Full name John Shannon Munn
Born June 6, 1880, Harbour Grace, St John's, Newfoundland, Canada
Died February 24, 1918, lost on board SS Florizel wrecked 7 miles from Cape Race en route between Newfoundland and New York (aged 37 years 263 days)
Major teams Oxford University
Bowling style Left-arm bowler
|First-class span||1900 - 1901|
One of only three first-class cricketers produced by the dominion of Newfoundland, Jack Munn was a useful left-arm bowler and stylish bat who played first-class cricket for Oxford University in 1900 and 1901. As a bat he was equally strong on either side of the wicket, and he was a smart field, usually at mid-off.
Born in Harbour Grace, Newfoundland, he moved to St. John's after the death of his father, and his mother's re-marriage to a member of the prominent Bowring family. Educated in part in England at the Forest School (who many years later produced England captain Nasser Hussain), Munn went up to Oxford in 1899. Good performances in trial matches earned him a run in a powerful University XI (captained by RE Foster, and including Bosanquet), but despite several useful outings, including playing against an MCC side led by WG Grace, he failed to earn his blue against Cambridge. He returned to St. John's that summer, and played against a touring Bostonian team - in the first match he was not asked to bowl in the first innings and was lbw for a duck when St. John's batted! He took eight wickets in an innings in a later match in the series, a record for local cricket.
In 1900, the University was much weaker, and Munn's bowling was in demand throughout the season. He played against Cambridge at Lord's (his last first-class match) and was somewhat under-bowled by his captain. His 24 first-class wickets included some notable players - Tom Hayward, Bobby Abel, Sammy Woods (twice), Albert Trott, CB Fry, and KS Ranjitsinhji. As a twenty-one year old he had great potential, which was unrealised at the first-class level. Hed been at Oxford only two years, and might have been expected to feature in the team for at least another couple of years. However he returned to Newfoundland, and his later cricket was confined to the St. John's league, at that time in a period of what proved to be terminal decline.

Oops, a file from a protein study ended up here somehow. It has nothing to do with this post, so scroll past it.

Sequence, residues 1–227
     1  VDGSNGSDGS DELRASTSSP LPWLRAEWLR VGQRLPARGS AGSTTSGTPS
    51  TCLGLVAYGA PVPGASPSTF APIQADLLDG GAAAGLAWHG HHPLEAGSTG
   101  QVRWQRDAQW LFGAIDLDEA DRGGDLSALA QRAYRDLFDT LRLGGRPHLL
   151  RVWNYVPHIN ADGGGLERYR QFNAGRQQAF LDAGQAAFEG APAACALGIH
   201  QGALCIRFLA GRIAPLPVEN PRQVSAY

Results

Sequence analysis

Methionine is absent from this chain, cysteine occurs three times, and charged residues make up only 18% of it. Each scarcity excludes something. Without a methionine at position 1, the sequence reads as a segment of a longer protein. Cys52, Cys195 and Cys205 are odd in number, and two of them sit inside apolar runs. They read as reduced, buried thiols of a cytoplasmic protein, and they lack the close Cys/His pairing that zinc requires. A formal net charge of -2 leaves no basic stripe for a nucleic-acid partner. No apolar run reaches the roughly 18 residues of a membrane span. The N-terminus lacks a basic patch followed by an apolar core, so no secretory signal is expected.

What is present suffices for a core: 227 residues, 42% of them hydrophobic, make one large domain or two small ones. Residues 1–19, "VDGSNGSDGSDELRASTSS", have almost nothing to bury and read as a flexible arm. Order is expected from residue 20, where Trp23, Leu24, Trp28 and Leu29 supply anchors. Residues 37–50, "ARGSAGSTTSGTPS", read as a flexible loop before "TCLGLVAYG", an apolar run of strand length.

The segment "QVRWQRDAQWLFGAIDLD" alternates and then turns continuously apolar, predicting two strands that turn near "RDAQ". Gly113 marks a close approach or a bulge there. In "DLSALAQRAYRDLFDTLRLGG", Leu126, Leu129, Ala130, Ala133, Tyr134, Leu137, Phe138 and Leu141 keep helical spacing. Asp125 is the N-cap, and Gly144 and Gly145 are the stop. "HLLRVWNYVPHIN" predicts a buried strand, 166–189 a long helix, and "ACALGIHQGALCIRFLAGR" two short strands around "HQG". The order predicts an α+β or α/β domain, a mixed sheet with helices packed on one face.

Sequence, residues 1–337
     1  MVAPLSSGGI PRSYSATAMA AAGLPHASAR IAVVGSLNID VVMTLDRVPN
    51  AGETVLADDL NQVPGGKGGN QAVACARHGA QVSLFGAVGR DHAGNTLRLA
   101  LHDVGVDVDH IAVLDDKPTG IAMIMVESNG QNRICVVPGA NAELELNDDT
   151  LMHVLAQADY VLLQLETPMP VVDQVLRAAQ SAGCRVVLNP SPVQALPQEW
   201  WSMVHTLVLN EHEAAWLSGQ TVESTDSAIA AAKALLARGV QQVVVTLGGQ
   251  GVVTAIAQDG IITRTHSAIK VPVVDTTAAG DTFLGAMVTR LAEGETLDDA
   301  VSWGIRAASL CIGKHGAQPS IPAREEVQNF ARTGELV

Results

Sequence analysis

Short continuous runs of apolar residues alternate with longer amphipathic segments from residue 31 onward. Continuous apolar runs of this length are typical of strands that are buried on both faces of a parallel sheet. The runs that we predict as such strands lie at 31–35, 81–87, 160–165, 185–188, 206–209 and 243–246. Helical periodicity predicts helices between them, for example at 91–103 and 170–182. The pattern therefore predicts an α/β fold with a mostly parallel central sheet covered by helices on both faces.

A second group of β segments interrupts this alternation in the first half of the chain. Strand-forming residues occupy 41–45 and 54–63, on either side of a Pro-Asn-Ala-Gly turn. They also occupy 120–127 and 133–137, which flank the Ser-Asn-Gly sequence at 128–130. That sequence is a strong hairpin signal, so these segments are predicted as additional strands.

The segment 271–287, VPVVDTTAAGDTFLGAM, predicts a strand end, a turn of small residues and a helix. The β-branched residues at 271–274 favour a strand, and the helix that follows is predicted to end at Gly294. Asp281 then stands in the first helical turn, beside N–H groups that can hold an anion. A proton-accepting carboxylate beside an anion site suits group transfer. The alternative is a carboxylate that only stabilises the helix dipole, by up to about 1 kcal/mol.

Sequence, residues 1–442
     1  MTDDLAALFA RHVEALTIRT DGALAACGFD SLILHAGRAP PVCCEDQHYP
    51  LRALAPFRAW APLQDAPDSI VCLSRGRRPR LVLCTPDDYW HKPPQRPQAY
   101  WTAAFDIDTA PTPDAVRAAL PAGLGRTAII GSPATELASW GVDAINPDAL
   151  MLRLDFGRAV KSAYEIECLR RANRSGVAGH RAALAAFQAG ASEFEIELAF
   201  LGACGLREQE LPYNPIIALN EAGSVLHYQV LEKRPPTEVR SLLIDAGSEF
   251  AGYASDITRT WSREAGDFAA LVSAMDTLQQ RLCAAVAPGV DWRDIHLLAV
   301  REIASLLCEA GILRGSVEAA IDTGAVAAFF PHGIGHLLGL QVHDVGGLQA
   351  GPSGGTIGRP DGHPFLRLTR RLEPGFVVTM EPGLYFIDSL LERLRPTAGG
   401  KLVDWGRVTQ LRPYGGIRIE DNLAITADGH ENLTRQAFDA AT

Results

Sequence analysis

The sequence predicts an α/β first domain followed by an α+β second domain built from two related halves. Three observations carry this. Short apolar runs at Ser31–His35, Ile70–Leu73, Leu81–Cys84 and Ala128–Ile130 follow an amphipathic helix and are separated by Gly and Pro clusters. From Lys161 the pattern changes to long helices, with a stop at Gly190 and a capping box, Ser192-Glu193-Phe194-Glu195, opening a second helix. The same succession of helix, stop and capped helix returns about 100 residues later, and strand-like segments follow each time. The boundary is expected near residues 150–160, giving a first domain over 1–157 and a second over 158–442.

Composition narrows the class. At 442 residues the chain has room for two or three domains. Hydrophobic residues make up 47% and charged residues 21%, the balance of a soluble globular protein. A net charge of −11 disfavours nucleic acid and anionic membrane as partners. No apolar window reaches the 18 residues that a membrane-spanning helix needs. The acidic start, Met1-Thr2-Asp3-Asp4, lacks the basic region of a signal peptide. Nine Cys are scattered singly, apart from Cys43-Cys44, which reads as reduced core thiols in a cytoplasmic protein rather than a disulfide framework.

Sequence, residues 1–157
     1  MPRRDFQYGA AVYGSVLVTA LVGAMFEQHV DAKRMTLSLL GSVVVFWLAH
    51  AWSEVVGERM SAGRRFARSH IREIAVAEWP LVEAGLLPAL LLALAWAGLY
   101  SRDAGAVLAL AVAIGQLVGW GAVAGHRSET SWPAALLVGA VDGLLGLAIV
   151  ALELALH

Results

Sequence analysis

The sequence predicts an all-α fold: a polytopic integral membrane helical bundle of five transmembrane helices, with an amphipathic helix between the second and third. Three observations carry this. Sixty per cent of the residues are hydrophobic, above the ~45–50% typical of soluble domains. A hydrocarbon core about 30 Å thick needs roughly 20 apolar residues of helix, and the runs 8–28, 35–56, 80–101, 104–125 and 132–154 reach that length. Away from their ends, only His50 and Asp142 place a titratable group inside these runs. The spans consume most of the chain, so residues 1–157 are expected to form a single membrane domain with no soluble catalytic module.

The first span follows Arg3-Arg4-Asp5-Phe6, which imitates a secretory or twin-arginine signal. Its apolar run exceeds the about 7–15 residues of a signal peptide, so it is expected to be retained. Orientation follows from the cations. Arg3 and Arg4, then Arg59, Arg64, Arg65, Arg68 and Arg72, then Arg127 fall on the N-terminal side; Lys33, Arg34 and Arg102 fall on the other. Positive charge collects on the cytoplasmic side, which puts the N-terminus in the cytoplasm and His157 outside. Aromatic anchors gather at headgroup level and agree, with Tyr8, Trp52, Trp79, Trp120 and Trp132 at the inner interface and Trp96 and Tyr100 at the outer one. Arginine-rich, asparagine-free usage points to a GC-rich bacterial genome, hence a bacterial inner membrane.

He rose within his step-father's company, becoming a director of Bowring Brothers and prominent within the local business community. He died tragically in the shipwreck of
the Florizel in 1918, whilst en-route to New York to visit his sick wife. The ship, owned by Bowring Brothers, steamed full-speed onto the rocks near Cape Race, and Munn and his three year-old daughter died before rescue boats could reach the wreck 24 hours later.
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